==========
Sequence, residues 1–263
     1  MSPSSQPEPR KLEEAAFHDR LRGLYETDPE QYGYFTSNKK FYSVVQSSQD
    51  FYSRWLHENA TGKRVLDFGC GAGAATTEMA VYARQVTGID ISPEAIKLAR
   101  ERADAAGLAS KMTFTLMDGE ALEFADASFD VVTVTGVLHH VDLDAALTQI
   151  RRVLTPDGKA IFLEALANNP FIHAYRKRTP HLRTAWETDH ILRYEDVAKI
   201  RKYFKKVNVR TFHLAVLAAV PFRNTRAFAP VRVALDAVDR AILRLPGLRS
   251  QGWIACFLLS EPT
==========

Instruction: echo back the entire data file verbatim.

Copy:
Sequence, residues 1–263
     1  MSPSSQPEPR KLEEAAFHDR LRGLYETDPE QYGYFTSNKK FYSVVQSSQD
    51  FYSRWLHENA TGKRVLDFGC GAGAATTEMA VYARQVTGID ISPEAIKLAR
   101  ERADAAGLAS KMTFTLMDGE ALEFADASFD VVTVTGVLHH VDLDAALTQI
   151  RRVLTPDGKA IFLEALANNP FIHAYRKRTP HLRTAWETDH ILRYEDVAKI
   201  RKYFKKVNVR TFHLAVLAAV PFRNTRAFAP VRVALDAVDR AILRLPGLRS
   251  QGWIACFLLS EPT